Previous Next
Matador contributing editor Eileen Smith is familiar with tear gas.

“LET YOUR NOSE RUN, don’t blow it. It hurts less that way.”

A man outside of his house on Romero, a street just one block off the Alameda, Santiago’s main drag, was explaining to two teenage girls how to deal with having been tear gassed. But at this point — 16 months into Chile’s educational protests, aimed at increasing funding for education, reducing interest on educational loans, and even nationalizing education — there are few of us at the protest who don’t know how to handle the lacrimógeno.

All photos by Eileen Smith, taken on September 27, 2012.



About The Author

Eileen Smith

Eileen Smith is the editor of Matador Abroad. She's an ex-Brooklynite who's made a life in Santiago, Chile. She's a fluent Spanish speaker who can be found biking, hiking, writing, photographing and/or seeking good coffee and nibbles at most hours of the day. She blogs here.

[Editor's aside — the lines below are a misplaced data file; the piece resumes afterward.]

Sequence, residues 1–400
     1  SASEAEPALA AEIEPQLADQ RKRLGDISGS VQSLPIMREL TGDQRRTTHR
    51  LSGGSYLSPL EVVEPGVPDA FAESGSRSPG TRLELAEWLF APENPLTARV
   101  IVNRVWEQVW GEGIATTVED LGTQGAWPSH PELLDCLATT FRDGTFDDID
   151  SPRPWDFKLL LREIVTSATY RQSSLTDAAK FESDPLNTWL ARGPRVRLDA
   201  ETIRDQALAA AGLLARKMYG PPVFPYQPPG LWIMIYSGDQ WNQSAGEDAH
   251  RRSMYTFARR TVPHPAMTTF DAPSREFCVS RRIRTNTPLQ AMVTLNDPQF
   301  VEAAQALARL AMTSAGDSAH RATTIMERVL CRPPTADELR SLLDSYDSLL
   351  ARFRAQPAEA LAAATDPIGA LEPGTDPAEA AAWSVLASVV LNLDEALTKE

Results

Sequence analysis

A photowalk along the most famous road in Madagascar.
For each kilogram of hardened yellow sulfur, a miner receives 900 rupiah.
On fighting in the Red Army near Donetsk: "I lost a lot of childhood friends there."
The 30-some athletes were all eccentrics in their own right.
A violent end to a May Day march for International Worker's Day in Chile.
Matador Community member Will Manley recalls memories of 3 months in rural Nepal.
For weeks, Mt. Nyamuragira had been spewing 400-meter high towers of lava. We needed to...
Being rock climbers, we travel the world seeking the best climbing.
We went to the Badlands and Yellowstone, but it was Glacier that captured us.
Taking pictures in a prison is a very sad experience.